A magic-soaked, hallucinatory quest novel first published in 1968, The Last Unicorn rather captivated me, although towards the end I wasn’t sure what was going on. I hadn’t seen the animated film and knew nothing about the story, so I dived in hoping to be pleasantly surprised (which is my preferred way of reading a classic book).
The story is about a unicorn who journeys to find the rest of her species. Early on, she is captured by a travelling carnival and escapes with a wizard, Schmendrick, and after running into bandits they are joined on their adventure by a woman, Molly Grue. The three of them are on their way to the cursed castle of King Haggard, where they must brave the Red Bull and fulfil a prophecy to find the rest of the unicorns. The strength of the novel, in my opinion, is not the plot, but the writing style, which is full of unusual imagery and phrasing. I don’t think I have read any style like it before. Dialogue can take unexpected turns and there are occasional bursts of mockery which play on our expectations of the fairytale format.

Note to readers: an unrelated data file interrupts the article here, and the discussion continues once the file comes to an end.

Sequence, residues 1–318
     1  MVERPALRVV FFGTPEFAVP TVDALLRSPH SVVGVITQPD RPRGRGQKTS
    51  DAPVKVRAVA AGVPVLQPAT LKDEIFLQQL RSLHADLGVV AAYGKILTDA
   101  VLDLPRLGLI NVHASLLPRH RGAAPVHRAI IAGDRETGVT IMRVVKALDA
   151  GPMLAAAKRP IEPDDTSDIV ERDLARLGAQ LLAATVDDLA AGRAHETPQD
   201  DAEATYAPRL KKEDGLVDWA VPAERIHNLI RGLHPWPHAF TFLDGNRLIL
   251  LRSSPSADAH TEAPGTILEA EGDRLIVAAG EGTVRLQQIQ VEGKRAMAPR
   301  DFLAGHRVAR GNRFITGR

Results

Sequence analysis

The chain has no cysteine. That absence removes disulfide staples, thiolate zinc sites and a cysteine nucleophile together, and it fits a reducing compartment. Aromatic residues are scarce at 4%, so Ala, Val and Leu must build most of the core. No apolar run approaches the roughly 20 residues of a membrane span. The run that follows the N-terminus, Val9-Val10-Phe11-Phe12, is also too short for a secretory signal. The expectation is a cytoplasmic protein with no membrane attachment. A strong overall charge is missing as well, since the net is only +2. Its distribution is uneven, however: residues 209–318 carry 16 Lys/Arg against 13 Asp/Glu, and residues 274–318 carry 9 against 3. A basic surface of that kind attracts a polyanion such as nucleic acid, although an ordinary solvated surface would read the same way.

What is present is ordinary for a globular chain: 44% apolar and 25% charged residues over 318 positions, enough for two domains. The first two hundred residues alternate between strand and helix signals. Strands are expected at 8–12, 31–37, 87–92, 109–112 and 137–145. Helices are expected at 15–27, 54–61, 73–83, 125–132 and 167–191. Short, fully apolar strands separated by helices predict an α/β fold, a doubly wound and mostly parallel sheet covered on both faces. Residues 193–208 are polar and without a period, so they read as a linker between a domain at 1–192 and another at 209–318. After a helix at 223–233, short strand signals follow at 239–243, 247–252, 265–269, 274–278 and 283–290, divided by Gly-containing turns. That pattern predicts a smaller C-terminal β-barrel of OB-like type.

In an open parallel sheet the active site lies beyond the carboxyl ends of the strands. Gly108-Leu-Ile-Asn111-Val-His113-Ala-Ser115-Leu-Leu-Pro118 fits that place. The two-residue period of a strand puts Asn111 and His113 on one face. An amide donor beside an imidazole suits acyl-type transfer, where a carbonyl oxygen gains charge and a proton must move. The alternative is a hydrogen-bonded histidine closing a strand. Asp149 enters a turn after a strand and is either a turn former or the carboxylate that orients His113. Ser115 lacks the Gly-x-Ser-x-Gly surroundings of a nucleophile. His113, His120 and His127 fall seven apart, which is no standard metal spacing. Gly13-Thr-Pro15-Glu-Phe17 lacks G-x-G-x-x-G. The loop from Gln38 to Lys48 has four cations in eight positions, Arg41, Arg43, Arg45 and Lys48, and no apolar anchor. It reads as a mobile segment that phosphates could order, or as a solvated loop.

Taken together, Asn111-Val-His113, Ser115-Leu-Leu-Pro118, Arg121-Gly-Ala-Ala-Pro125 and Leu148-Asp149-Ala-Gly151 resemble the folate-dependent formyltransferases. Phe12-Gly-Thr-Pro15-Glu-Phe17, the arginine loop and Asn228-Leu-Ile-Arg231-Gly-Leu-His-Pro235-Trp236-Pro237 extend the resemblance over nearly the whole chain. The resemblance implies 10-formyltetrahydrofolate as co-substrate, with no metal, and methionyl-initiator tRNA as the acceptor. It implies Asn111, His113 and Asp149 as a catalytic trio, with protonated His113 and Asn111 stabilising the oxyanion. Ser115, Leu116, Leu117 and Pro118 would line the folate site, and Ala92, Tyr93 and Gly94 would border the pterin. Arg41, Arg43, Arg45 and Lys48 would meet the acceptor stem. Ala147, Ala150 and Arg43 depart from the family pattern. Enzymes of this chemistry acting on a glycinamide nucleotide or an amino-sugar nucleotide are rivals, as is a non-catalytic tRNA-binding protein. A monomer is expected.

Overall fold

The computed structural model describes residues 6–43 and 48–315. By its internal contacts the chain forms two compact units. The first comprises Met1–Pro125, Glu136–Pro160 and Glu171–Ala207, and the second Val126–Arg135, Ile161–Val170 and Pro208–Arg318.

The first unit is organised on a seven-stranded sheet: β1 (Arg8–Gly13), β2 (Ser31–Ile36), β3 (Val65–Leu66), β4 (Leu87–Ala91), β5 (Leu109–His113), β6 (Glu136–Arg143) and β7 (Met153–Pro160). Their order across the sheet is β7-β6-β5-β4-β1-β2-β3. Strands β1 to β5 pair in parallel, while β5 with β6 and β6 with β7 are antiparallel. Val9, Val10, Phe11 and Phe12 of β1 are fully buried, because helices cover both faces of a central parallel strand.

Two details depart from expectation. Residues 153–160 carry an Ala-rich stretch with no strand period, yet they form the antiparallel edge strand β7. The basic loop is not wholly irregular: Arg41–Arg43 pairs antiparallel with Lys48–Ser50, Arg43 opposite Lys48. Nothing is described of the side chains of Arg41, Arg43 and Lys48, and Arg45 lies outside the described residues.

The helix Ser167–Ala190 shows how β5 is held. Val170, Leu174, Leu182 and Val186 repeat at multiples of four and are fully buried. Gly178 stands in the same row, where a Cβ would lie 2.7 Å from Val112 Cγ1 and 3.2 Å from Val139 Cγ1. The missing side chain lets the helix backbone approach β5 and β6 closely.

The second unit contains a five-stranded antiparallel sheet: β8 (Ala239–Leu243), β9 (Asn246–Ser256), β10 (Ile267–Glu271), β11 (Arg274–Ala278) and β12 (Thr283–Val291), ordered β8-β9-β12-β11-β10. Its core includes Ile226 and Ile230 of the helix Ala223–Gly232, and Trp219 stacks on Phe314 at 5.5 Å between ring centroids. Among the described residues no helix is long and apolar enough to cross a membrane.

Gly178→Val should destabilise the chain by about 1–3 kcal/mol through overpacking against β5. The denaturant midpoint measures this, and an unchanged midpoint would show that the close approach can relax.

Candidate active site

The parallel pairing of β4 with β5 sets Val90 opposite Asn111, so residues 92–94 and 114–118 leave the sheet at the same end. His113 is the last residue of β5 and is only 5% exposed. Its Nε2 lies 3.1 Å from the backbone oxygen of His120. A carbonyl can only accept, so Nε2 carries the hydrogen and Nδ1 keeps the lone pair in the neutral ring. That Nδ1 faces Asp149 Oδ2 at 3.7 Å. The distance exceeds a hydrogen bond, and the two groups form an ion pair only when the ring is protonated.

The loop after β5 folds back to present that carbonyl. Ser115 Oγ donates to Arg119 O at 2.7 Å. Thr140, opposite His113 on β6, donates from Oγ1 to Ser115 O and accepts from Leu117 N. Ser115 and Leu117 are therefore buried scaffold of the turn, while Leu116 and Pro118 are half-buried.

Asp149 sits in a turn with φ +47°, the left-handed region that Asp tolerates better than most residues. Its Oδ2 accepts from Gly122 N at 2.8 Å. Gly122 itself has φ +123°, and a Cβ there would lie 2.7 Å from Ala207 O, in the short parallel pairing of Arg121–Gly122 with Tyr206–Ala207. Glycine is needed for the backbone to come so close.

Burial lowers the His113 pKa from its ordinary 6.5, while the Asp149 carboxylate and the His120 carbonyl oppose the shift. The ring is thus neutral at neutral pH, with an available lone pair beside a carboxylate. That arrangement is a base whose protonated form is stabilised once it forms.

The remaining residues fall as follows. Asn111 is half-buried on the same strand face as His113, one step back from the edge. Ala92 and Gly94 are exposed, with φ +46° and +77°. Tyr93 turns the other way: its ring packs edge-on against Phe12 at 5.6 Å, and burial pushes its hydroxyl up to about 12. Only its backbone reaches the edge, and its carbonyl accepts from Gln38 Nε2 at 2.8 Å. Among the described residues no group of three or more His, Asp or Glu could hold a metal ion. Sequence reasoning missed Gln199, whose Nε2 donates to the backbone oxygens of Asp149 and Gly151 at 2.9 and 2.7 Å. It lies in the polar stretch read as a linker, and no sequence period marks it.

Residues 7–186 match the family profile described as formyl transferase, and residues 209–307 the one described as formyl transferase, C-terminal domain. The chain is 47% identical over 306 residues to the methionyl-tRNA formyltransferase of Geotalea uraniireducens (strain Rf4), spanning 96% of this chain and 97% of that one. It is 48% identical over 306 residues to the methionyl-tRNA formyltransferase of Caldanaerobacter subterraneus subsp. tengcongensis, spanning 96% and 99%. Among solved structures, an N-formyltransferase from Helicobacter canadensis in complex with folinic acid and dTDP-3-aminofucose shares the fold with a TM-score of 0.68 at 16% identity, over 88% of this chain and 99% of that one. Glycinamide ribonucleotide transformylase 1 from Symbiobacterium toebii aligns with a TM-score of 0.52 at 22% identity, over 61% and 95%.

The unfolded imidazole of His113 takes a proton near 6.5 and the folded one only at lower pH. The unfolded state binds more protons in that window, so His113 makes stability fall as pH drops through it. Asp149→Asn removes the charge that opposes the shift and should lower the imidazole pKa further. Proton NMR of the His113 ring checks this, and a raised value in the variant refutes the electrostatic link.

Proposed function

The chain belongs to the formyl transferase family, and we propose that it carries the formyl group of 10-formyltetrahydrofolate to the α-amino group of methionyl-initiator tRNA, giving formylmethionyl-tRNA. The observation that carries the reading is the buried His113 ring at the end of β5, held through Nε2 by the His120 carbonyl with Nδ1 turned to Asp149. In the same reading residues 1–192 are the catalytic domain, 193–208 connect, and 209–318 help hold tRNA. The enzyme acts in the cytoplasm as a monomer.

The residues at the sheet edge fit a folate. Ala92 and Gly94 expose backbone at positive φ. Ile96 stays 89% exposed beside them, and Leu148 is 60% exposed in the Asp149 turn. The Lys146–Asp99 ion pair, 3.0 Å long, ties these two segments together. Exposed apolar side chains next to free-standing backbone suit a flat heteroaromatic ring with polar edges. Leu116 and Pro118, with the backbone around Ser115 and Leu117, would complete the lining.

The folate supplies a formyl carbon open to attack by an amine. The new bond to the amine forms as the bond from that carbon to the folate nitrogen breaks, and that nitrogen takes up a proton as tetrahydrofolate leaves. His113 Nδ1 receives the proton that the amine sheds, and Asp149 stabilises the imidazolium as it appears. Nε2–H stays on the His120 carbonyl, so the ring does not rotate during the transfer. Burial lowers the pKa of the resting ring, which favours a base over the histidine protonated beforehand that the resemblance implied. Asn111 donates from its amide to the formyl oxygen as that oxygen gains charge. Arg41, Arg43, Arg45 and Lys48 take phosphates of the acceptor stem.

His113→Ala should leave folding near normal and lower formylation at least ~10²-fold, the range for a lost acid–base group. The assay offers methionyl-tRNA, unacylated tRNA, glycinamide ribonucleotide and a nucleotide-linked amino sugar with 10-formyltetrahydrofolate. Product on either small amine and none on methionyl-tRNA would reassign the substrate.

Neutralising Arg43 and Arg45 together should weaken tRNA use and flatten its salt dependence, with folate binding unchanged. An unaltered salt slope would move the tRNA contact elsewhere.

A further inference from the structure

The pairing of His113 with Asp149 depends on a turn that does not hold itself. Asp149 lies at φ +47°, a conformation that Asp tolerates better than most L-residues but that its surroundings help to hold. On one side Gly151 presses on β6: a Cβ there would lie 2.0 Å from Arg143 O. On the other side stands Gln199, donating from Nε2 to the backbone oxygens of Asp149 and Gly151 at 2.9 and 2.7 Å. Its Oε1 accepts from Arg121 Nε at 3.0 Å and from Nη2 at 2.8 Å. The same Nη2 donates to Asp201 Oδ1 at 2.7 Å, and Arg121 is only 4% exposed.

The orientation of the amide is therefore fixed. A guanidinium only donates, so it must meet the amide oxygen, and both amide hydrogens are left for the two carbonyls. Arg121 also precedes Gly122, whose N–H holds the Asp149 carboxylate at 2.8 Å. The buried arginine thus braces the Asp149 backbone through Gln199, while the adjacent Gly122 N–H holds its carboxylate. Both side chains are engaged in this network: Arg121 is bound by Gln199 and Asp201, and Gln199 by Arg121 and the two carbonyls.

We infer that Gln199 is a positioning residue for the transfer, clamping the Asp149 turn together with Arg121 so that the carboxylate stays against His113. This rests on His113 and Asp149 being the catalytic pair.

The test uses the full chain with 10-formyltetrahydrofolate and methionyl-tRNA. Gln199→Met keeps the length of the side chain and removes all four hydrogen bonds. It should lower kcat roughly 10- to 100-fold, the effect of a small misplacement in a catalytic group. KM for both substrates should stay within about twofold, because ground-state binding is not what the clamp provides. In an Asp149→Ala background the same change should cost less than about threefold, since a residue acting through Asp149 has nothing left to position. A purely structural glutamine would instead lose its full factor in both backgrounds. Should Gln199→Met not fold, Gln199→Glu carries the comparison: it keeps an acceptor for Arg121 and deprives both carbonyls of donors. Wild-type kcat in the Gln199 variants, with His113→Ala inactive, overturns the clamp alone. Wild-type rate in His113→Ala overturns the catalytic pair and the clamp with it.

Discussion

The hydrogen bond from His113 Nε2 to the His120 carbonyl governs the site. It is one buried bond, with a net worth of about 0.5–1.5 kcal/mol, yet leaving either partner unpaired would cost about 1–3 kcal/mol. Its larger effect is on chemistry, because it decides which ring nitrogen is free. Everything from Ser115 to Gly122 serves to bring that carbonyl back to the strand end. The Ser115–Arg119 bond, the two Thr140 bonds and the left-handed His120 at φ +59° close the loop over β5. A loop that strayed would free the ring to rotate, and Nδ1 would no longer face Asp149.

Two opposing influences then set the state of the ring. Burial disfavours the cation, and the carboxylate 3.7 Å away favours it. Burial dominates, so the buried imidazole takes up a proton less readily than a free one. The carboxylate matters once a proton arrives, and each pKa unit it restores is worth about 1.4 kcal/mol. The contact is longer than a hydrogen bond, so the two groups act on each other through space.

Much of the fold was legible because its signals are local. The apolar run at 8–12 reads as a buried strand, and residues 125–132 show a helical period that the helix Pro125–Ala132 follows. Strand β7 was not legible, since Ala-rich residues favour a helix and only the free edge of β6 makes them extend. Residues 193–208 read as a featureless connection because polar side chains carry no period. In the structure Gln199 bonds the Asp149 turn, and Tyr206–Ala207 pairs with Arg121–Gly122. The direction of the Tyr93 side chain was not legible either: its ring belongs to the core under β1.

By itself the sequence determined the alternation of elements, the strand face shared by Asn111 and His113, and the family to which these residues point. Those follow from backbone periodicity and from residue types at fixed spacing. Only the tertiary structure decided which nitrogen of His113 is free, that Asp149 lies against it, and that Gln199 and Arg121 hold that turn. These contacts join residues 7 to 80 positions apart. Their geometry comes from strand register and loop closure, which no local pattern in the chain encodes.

Unicorns are extremely popular these days – browse any products aimed at little girls and you’ll be sick of the glitter-horned, rainbow-maned creatures – so I’m not quite as fond of them as I should be, which perhaps influenced my enjoyment of the book. However, I think the author very effectively portrayed the ethereal beauty and immortal magic of the unicorn in this story (simply called ‘the unicorn’ and when transfigured into a human, ‘the Lady Amalthea’).
In summary, this novel is worth a try, even if, like me, you’re not much of a fantasy reader. The edition from 2022 has a fabulous introduction by Patrick Rothfuss; it’s his favourite book.